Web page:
For church observers, it’s no surprise that Aquila is featured prominently in the recent letter. The socially conservative clergyman, no stranger to controversy, has waded into a number of culture war battles over the years. Aquila, who famously blamed LGBTQ people for priestly sexual abuse of children, is a staunch opponent of abortion rights for women and was a driving political force behind the anti-abortion ballot measure, Prop. 115, in 2020. Abortion is not the only issue on which Aquila is outspoken, though. In 2019, he opposed a sex-ed bill at the state legislature. In May 2021, he made headlines again when he argued in favor of denying Communion to President Joe Biden, a practicing Catholic. Later, in August of the same year, Aquila came out in strong opposition to vaccine mandates as the Delta variant of Covid-19 spread worldwide.
Now that high-ranking church officials–the German bishops, archbishops, and cardinals participating in the Synodal Path process–are attempting to bring some of these more open-minded, liberal social positions into the Catholic church, it is to be expected that Aquila will remain on the front line of the internecine dispute.
Asked about the Denver Archbishop’s role in drafting the text of the letter which has sent waves through the global church, Aquila’s office declined to comment.
As for the German bishops engaged in the synodal process, they do not seem to make much of Aquila’s broadside. “I can reassure you with an open heart: these fears with regard to the synodal path of the Catholic Church in Germany are not correct,” Bätzing wrote in a reply on Saturday, adding that the Synodal Path, “in no way undermines the authority of the Church.”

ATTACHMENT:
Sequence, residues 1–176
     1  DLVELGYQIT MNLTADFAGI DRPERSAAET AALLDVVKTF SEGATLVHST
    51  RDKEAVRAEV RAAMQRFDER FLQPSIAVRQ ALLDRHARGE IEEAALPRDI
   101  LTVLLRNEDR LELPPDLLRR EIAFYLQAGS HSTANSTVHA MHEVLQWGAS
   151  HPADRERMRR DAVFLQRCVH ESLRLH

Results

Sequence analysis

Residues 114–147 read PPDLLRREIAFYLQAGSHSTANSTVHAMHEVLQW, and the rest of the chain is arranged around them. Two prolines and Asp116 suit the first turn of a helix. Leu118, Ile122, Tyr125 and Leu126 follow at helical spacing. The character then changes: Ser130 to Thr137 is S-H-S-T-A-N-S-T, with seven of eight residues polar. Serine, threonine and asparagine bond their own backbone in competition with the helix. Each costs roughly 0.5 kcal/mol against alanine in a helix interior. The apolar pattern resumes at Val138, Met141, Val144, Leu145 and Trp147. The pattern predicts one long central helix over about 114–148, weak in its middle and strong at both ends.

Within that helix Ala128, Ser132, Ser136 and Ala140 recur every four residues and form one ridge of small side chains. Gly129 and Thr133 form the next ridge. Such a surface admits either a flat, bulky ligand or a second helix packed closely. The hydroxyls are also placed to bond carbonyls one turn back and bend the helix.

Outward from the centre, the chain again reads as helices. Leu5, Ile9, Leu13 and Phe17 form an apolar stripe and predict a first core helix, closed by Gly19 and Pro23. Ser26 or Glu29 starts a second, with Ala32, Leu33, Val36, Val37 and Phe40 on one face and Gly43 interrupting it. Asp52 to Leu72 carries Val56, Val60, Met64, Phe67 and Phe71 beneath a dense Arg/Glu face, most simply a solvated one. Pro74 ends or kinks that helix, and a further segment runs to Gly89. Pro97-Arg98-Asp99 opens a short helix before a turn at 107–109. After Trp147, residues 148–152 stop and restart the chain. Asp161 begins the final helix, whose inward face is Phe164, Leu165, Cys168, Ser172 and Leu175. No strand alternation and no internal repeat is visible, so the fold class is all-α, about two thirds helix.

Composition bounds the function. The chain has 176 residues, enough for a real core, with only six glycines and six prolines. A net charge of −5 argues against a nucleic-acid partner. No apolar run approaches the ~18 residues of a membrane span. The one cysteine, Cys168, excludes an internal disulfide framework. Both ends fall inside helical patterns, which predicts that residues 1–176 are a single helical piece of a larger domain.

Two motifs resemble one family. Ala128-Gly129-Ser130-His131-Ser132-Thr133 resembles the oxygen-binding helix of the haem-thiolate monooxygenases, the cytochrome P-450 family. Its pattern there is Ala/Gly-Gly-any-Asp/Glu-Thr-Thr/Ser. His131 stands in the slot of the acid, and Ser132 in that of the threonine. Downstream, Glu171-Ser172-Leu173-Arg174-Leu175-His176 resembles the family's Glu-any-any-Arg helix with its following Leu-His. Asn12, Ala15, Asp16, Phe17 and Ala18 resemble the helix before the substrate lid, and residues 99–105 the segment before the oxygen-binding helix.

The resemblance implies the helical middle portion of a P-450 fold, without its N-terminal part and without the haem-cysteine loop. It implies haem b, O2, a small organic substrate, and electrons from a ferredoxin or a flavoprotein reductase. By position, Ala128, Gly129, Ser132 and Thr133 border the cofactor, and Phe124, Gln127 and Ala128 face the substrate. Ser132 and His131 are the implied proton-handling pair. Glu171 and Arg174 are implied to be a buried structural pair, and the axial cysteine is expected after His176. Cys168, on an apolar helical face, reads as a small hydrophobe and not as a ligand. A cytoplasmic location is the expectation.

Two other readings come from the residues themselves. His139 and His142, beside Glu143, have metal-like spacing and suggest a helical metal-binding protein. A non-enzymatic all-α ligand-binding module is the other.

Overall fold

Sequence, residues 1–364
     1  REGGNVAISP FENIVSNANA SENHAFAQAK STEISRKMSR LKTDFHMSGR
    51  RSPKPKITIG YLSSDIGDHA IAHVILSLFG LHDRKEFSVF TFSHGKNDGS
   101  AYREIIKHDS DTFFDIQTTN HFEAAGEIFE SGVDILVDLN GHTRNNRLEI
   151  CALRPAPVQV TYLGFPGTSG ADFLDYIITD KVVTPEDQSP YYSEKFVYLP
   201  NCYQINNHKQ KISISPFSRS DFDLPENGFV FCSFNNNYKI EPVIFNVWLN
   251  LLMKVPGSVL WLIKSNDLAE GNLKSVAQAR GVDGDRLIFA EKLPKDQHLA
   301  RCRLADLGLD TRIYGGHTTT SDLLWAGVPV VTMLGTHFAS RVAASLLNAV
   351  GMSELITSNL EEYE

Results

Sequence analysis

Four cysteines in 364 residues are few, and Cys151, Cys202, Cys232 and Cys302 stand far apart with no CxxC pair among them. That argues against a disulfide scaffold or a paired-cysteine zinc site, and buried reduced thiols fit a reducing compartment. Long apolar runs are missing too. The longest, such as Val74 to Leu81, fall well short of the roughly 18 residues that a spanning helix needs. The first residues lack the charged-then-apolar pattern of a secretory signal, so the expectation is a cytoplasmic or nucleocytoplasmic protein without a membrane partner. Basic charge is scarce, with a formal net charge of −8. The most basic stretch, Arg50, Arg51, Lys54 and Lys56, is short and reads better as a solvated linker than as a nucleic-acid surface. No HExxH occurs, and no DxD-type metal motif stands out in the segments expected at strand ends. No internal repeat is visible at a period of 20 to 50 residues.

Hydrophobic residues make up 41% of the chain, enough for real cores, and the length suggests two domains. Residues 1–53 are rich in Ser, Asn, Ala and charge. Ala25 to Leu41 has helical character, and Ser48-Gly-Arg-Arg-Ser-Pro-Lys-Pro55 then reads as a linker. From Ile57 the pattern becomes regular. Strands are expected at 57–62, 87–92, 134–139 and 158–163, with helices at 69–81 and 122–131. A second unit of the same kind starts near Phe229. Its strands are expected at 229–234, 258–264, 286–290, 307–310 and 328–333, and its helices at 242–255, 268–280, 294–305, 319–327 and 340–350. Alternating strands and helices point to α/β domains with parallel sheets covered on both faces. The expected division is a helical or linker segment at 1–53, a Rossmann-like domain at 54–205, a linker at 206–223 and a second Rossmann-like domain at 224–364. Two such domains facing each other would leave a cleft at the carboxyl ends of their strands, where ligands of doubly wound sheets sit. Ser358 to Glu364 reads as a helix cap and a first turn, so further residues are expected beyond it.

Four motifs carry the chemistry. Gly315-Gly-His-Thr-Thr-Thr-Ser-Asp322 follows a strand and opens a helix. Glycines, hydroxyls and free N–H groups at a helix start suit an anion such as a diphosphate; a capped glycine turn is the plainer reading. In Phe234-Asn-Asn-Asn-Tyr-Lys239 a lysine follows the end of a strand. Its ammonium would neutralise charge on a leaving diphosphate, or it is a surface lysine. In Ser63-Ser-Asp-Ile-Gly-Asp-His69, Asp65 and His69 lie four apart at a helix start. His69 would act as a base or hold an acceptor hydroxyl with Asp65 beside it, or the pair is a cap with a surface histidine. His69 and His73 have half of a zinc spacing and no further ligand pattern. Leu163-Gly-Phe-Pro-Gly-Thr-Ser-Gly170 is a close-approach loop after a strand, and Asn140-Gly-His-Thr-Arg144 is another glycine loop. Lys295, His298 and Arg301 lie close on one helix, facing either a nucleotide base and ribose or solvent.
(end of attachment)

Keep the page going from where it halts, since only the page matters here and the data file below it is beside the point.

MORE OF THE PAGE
With the synodal process not scheduled to conclude until 2023, it’s likely that the ongoing saga will continue to pit traditionalist elements of the Catholic church against a more reform-minded generation of clergy who are seeking to rehabilitate the church and its work after decades of scandal. It is this conflict–between the old and the new, as much as between the old and the young–which has prompted concerns of schism.
If indeed the Catholic church did schism, or split, it would be the first such event since the Western Schism of 1378 gave rise to the Avignon Papacy 643 years ago. At the time of that schism, the Catholic church was the dominant political force in western Europe, and the seven decades of chaos caused by the split helped to decide the future of the continent.
Governments no longer rise and fall by the power of the Papacy, though, and the new cries of schism are more about deciding the future of the church than the future of Europe. Catholic church membership has declined precipitously in the past two decades, with a 2021 Gallup survey showing a nearly 20% slide since the year 2000 with little sign of stopping.
Last month, Bätzing criticized “certain elements” within the church for being “ill-suited for a multicultural world in a culturally diverse era.” The warning is one Aquila might do well to heed as he presides over an increasingly diverse congregation, with research showing that Hispanic churchgoers account for 55% of the Archdiocese’s membership–and 70% of its membership under the age of 30.
The German bishops engaged in the Synodal Path believe the church must adapt and present a vision for the future if it’s going to reclaim its relevance.
On the other side of the conflict to determine the future of the church, however, Aquila and his co-signatories have a vision for the future which looks strikingly like the past.
As for which faction will chart the course for the globe’s 1.2 billion Catholics, or preside over an historical schism , only time will tell.